by: Paul Zimnisky
Through mid-December 2017, rough diamond prices are up 2.7%* year-to-date, while polished prices are down 3.5%**. However, despite shrinking manufacturer margins, the midstream segment of the industry still bought $5.3B worth of diamonds from De Beers this year, including $450M at the final sight which was 7% over the comparable sight last year and 81% over 2015.
De Beers’ full-year sales were -5% relative to last year and +53% over 2015. Russian-major, ALROSA (MICEX: ALRS), is on pace to sell $4.4B of diamonds in 2017, which would be in line with 2016 and 27% over 2015.
2017 has been a year of excess inventory shifting from the upstream segment of the diamond industry to the mid-stream segment. For instance, industry leaders De Beers and ALROSA have both see their inventories decrease by an estimated 1.6M and 2.3M carats, respectively, through Q3 2017, this despite both producers also increasing production this year.
World-wide natural diamond production is estimated to rise to approximately 148M carats in 2017 which would be a 7% increase in volume over last year. The increase mostly due to the commencement of production at three new mines, the ramping-up of production at previously curtailed operations and expansion projects at legacy mines.
Despite various operating setbacks and political challenges that have disrupted production at multiple mines this year, including an accident that has since halted production at ALROSA’s Mir mine, most major miners are still on pace to produce towards the higher end of guidance ranges.
Most industry participants would agree that the first half of 2017 was strong, however, the second half relatively disappointing. Demand for rough returned aggressively in early-2017 as manufacturers in India recovered from the late-2016 liquidity crisis caused by the government’s demonetization of high denomination bank notes.
However, by mid-year, new polished entering the market compounded an already overstocked global polished inventory and manufacturers noticeably pulled back operating activity punctuated with longer-than usual Diwali factory closures in the fall.
In recent weeks manufacturer activity has begun ramping up again, as the industry prepares to replenish Christmas and Indian wedding season stock and deliver for Chinese New Year demand.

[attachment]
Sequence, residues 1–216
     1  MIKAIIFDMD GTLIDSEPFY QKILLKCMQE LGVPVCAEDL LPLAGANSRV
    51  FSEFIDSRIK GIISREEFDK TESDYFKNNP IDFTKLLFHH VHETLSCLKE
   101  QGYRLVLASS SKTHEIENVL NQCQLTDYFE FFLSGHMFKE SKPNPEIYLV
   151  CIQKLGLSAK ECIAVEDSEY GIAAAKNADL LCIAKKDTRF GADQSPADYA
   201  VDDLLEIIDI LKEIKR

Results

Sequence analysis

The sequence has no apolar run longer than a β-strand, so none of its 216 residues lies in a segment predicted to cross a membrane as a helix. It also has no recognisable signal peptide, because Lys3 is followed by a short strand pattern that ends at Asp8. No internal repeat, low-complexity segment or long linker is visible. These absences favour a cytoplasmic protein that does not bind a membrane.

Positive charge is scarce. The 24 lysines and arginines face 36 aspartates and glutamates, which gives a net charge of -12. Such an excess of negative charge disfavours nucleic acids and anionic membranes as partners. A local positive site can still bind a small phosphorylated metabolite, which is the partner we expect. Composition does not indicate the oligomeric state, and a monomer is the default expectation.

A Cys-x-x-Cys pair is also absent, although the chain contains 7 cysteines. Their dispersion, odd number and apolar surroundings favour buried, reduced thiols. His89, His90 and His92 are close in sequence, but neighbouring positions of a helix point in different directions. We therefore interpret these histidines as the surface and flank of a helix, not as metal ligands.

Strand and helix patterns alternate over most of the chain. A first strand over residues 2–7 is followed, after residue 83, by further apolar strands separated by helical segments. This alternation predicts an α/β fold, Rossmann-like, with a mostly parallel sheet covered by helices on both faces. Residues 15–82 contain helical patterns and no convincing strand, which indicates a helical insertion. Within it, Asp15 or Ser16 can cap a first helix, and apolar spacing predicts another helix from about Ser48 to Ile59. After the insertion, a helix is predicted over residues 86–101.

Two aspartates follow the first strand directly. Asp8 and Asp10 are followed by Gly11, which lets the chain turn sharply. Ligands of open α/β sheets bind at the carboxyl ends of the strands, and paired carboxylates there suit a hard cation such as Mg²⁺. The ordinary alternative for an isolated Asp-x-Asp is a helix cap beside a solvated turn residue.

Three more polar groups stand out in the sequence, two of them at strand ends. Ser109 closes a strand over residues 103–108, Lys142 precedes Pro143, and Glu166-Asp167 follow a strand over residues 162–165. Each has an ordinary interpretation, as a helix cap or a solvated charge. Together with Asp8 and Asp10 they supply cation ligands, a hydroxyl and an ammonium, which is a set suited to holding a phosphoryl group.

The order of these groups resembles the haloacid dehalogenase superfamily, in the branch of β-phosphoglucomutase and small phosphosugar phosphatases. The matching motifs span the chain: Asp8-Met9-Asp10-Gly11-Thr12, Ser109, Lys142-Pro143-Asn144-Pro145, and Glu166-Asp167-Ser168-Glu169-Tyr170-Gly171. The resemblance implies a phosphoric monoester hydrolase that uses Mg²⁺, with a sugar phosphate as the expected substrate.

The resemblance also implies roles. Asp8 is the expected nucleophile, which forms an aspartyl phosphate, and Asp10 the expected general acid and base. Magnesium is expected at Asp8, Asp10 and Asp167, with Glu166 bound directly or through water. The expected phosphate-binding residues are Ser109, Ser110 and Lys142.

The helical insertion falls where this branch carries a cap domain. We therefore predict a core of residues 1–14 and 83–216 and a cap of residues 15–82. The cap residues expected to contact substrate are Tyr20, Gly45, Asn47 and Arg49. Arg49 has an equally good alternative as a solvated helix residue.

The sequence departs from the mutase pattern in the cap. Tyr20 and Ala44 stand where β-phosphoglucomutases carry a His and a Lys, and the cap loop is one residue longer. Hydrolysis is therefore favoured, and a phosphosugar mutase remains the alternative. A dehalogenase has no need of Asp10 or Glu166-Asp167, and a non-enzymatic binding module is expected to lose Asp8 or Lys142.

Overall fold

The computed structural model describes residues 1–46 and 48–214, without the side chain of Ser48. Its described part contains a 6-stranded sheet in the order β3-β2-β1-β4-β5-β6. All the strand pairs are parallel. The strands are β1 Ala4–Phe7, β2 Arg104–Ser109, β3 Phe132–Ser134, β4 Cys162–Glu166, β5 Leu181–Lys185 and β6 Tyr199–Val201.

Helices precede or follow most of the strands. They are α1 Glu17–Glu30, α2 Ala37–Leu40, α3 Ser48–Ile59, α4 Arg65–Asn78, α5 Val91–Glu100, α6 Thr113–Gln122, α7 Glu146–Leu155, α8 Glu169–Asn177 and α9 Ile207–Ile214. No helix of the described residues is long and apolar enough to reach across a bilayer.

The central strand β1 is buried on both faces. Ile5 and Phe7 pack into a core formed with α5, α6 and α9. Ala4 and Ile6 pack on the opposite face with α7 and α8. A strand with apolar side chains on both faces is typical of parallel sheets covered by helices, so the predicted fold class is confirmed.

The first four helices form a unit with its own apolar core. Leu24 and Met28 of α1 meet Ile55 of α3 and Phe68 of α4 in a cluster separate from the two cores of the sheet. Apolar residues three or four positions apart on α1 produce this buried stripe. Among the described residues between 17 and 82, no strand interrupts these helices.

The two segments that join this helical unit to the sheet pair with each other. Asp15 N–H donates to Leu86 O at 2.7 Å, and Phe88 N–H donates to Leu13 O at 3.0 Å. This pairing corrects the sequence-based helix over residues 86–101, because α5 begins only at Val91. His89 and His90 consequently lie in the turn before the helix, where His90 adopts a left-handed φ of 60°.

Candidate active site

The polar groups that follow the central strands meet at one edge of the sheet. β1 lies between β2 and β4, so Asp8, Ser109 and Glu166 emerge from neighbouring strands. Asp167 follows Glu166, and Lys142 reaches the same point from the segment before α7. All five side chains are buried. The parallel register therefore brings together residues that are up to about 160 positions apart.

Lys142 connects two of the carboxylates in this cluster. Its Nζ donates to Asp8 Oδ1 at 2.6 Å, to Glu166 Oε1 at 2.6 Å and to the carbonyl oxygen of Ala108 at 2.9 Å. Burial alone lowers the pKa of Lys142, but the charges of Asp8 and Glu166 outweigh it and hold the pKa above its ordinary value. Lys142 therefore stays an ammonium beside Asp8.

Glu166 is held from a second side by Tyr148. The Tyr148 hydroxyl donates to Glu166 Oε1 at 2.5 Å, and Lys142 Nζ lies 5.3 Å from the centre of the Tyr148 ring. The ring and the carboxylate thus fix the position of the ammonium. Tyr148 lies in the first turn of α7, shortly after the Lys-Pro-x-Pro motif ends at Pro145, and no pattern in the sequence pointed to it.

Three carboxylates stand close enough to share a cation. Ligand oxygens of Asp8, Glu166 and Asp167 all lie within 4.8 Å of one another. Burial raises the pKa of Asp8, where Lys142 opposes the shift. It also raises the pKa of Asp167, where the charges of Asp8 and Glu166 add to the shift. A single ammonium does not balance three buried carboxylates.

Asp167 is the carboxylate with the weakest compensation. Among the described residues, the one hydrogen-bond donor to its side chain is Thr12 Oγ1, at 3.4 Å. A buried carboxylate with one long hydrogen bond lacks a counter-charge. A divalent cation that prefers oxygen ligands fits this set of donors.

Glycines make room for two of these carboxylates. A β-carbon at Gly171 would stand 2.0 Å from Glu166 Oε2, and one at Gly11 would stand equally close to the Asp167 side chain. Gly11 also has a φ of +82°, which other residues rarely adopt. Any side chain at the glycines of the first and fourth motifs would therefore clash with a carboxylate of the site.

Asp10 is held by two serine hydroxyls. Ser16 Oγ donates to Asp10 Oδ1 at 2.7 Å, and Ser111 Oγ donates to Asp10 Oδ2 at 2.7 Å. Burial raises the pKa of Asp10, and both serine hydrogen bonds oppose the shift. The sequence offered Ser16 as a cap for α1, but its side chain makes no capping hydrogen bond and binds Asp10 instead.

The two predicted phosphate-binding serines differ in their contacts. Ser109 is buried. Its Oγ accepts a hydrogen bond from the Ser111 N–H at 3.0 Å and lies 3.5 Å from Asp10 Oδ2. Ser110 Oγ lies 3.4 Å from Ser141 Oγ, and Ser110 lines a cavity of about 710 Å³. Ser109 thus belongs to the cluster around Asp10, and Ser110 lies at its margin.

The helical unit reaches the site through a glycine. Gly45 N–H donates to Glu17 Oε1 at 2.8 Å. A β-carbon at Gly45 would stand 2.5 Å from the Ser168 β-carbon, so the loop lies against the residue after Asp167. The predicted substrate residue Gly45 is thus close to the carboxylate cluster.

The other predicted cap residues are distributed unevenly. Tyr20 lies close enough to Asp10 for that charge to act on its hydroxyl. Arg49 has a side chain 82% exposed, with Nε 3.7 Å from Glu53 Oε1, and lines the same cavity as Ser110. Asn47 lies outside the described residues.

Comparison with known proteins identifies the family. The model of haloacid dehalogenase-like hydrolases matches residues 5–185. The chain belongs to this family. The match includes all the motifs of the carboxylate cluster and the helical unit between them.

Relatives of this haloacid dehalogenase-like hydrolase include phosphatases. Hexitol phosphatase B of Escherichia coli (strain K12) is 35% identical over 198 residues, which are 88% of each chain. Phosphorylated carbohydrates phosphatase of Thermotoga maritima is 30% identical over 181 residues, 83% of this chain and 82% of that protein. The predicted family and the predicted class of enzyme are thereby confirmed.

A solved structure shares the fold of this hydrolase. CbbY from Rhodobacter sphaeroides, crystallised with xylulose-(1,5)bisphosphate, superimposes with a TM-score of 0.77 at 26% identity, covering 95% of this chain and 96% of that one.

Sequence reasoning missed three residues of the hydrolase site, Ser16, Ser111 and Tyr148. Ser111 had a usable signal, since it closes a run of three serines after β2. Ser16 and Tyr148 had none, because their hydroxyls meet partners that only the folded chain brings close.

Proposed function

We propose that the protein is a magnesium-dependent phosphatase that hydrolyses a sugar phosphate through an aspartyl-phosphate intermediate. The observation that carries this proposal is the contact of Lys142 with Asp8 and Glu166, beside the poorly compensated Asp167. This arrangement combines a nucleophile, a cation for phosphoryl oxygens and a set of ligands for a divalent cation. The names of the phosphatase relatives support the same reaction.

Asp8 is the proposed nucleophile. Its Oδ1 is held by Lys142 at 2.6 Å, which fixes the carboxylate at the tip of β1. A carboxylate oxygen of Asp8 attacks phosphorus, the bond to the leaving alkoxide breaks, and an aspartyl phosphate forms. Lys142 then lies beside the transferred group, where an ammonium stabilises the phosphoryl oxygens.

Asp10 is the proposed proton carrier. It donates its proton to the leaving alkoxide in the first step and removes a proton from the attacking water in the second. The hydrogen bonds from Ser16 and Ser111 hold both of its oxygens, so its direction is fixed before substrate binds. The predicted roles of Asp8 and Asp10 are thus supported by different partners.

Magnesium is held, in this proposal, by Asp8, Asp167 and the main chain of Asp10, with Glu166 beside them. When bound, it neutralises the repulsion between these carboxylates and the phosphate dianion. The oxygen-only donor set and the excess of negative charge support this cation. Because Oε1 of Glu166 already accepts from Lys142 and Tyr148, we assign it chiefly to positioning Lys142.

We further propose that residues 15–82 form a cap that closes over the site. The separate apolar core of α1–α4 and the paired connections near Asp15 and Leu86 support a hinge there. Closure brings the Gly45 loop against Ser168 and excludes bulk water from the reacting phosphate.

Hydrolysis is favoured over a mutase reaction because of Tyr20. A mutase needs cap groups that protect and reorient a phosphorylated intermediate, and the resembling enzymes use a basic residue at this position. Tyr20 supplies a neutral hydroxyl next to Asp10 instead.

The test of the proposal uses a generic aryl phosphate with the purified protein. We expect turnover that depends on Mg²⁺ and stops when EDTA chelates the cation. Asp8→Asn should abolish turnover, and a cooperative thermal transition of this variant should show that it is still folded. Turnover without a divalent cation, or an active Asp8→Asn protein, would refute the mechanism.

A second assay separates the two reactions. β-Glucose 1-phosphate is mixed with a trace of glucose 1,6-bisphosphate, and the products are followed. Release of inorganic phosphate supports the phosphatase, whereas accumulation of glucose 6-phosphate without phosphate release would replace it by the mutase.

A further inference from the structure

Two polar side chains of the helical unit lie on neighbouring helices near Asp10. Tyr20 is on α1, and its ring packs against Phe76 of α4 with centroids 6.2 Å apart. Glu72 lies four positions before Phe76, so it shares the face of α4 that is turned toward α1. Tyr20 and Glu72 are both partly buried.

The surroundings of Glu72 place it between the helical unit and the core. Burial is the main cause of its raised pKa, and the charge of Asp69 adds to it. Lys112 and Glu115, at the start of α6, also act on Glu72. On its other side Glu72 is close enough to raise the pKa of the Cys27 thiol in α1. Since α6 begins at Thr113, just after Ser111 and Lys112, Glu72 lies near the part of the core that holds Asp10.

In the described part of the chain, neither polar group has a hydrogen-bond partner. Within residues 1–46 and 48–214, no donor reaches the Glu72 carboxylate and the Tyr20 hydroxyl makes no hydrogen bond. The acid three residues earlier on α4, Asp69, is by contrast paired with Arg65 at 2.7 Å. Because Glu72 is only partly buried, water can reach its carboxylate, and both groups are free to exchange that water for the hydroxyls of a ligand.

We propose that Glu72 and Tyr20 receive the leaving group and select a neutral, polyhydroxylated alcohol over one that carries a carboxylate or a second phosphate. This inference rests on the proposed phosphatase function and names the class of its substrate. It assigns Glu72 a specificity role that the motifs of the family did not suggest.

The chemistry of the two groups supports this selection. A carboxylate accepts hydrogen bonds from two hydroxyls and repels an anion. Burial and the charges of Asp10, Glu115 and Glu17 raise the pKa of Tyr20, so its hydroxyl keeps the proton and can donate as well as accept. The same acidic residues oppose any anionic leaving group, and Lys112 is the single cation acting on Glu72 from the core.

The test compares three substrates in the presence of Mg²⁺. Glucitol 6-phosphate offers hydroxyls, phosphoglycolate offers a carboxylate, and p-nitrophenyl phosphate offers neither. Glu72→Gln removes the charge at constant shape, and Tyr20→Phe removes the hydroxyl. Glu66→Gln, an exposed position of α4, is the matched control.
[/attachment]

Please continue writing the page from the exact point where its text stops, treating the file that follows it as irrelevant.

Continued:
The U.S. consumer market is currently supported by a relatively strong economy. With the stock market regularly making new all-time highs and with most employment figures at favorable levels, consumer sentiment is positive. Pending tax reform and the recent appointment of a new Fed chairman that favors continued dovish policy has supported this trend.
America’s largest jeweler, Signet Jewelers (NYSE: SIG), had a challenging 2017, however most of underperformance can be attributed side effects associated with the company restructuring, and not necessarily the appetite of the U.S. consumer. In fact, globally-diversified Tiffany & Co. (NYSE: TIF) recently noted the U.S. market as one of its strongest.
Tiffany also noted particular strength in the company’s Mainland Chinese market. Recent results from leading Greater China jeweler, Chow Tai Fook (HK: 1929), supports this as the company has seen same-store-sales growth for four consecutive quarters in its Mainland market and three consecutive quarters in Hong Kong/Maccu.
Luk Fook (HK: 0590), which has a greater exposure to Hong Kong than Chow Tai Fook (which is more Mainland focused), had same-store-sales growth of over 11% in the six-months ending September 30, which stands out against three prior comparable years of decline.
On November 21, Chow Tai Fook described the current market as a “turning point…given the nascent jewelry market recovery” and Luk Fook has recently described the climate as “improved.”
The U.S. is still by far the largest end-consumer market for diamonds at about 50%. Greater China, which includes Mainland China, Hong Kong, Macau and Taiwan, and India represent the industry’s fastest growing large markets.
Global diamond supply is estimated to marginally decrease about 1.5% in 2018 to 146M carats and global polished diamond wholesale demand is estimated to hit $26.6B next year, which would be a 3.8% increase over 2017.
Heading into 2018, here are some possible diamond industry catalysts to watch for:
*Rough diamond price based on the Zimnisky Global Rough Diamond Price Index. More information can be found at www.roughdiamondindex.com. **Polished diamond price based on data gathered via sampling of online retailers, specifically round, 0.5-1.5 carat, near-colorless, VS-clarity, VG-cut diamonds.
All figures in U.S. dollars unless otherwise noted.
De Beers is 85% owned by Anglo American plc and 15% owned by the Government of the Republic of Botswana.
At the time of writing the author held a long position in Lucara Diamond Corp, Stornoway Diamond Corp, Mountain Province Diamonds Inc, Kennady Diamonds Inc, Tsodilo Resources Ltd, North Arrow Minerals Inc, Signet Jewelers Ltd and Peregrine Diamonds Ltd. Please read full disclosure below.
Paul Zimnisky is an independent diamond industry analyst, author of the Zimnisky Global Rough Diamond Price Index and publisher of the subscription-based State of The Diamond Market monthly industry newsletter. In 2018, he will be speaking at Mining Indaba in Cape Town, South Africa on February 6, and Mines and Money in New York on May 9. Paul can be reached at firstname.lastname@example.org and followed on Twitter @paulzimnisky.
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